Is there a virtual ground in this op-amp?

Discussion in 'General Electronics Chat' started by rkbshiva, Aug 19, 2015.

1. rkbshiva Thread Starter New Member

Aug 1, 2015
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0
Consider an ideal differential operational amplifier whose circuit looks like this,

Now in this circuit diagram it is given that, the negative terminal is at 0v.

But if I give a sine wave as input to this op amp whose frequency is high and capacitance of the capacitor is 1.I think almost can't be such a high voltage drop across the capacitor to make the negative terminal at 0v.

If so, is there a virtual ground in this circuit. If yes, please explain me how??

2. Wendy Moderator

Mar 24, 2008
20,735
2,499
Op amps with negative ffedback work by making the negative input match the positive. In this configuration the capacitor will have lower reactance at higher frequencies, requiring large signal on the output to compensate. At low frequencies the reactance will be large, so the output will be small.

G = R / (Xc) = R / (1/(2πCf) = R 2π C f

Yes, there is a virtual ground.

Last edited: Aug 19, 2015
3. dl324 Distinguished Member

Mar 30, 2015
3,114
601
The zero differential input theorem states the voltage at both inputs will be the same.

4. AnalogKid Distinguished Member

Aug 1, 2013
4,284
1,172
As long as the opamp has enough open loop gain to satisfy the feedback equation at the frequency of interest, the loop will be closed and the inverting input will be a virtual ground. Note that that is not the same as 0 Vdc. The DC potential of the virtual ground will be the DC potential of the non-inverting input. In your case that happens to be 0 Vdc, but it can be something else if the non-inverting input is boased up to some non-zero voltage.

If the non-inverting input has a varying signal on it such as audio, the inverting input will attempt to track it through the action of the feedback loop. In this case the inverting input is a virtul ground at varying voltage, and the overall circuit is a true differential amplifier.

ak

5. MrAl Well-Known Member

Jun 17, 2014
2,204
433
Hi there,

When you start to use extreme values of components you have to look carefully at the practical aspects along with the theoretical aspects. This is true in any situation really, but lets take a quick look at this circuit...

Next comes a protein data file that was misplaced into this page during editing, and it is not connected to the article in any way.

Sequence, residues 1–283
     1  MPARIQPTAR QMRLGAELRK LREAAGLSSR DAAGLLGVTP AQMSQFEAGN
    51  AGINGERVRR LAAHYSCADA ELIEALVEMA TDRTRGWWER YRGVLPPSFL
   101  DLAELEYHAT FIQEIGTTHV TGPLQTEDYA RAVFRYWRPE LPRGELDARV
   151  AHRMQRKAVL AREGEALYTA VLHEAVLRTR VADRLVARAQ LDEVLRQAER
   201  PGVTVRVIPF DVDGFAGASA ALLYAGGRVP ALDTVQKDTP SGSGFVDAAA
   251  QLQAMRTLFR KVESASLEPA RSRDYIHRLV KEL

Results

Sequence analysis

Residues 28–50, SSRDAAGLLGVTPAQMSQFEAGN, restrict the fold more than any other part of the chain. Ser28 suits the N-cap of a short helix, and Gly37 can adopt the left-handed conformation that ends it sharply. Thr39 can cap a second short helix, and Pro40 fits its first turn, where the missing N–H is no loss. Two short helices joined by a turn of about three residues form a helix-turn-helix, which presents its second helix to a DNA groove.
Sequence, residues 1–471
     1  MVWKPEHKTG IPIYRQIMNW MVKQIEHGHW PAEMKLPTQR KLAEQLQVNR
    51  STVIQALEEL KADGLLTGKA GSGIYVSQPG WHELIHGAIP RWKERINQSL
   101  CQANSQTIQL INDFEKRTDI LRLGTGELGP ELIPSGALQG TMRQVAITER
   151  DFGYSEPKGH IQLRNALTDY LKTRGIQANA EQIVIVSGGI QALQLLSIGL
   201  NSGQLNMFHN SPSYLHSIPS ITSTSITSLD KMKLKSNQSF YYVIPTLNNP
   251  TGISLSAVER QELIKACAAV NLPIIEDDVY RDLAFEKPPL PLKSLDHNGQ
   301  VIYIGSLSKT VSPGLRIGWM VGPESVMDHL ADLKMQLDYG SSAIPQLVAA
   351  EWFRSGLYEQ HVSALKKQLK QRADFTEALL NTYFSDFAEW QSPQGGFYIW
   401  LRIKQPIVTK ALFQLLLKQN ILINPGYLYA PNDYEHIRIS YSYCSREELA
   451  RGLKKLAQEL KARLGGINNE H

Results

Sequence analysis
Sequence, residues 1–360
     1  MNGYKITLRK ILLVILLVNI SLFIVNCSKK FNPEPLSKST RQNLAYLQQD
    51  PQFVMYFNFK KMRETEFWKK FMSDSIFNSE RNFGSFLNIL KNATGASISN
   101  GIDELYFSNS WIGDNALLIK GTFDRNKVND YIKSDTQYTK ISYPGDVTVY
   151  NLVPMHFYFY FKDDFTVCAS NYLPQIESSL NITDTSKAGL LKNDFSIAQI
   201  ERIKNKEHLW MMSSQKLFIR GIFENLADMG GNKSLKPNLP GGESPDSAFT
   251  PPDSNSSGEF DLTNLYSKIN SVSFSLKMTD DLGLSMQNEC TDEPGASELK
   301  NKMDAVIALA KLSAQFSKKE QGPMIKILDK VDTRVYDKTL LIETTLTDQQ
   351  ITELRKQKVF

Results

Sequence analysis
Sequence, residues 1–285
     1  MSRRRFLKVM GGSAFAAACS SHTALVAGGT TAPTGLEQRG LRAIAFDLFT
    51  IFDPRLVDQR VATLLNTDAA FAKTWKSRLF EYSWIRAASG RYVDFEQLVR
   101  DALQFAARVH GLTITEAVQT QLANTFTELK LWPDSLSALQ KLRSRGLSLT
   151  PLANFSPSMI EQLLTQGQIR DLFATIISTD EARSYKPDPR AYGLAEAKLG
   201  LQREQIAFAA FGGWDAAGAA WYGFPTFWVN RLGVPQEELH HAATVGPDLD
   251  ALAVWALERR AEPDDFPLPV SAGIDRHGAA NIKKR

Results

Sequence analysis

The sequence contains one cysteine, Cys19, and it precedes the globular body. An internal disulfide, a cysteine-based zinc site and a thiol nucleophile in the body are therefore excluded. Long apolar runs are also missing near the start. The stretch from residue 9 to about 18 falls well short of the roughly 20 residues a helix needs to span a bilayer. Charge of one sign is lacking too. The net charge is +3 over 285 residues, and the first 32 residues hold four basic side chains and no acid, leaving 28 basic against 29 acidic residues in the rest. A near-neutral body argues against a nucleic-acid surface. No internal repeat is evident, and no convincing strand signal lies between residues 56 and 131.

First, the transfer function is:
Vout=-(s*Vin*A*C*R)/(s*C*R+A+1)
where R is the resistor value and C the capacitor value, and
A is the open loop gain of the op amp at the desired frequency, and
Vin is the AC input voltage, and
s is the complex frequency.

If we solve for the inverting terminal node, we get:
Vx=(s*Vin*C*R)/(s*C*R+A+1)

That is the expression for the inverting terminal node regardless of any other theory such as a virtual ground.

The first thing we might notice is that the open loop gain A is in the denominator only, so the limit as A approaches infinity is zero. That's because as A gets larger the node voltage gets lower and lower until it reaches zero when A gets to be a very high value. This is where the concept of a Virtual Ground really comes from. The only time this is possible, in theory, is when A is infinite. For any other value of A it is not zero, but for most modern op amps A can be taken to be quite high, on the order of 100000 or so, so the node voltage is still very close to zero, although not quite zero.
Lets see what it is when we use some components such as those that you might be considering.

First, we calculate the amplitude of Vx:
Ampl=(Vin*w*C*R)/sqrt(w^2*C^2*R^2+(A+1)^2)

Next, if we let Vin=1vac peak, C=1 Farad and R=1000 Ohms, and A=100000 we have:
Ampl=(1000*w)/sqrt(1000000*w^2+10000200001)

Now say we have a low frequency w=1, then we get:
Ampl=0.0099994

So we see the amplitude at the inverting terminal is not zero but fairly low.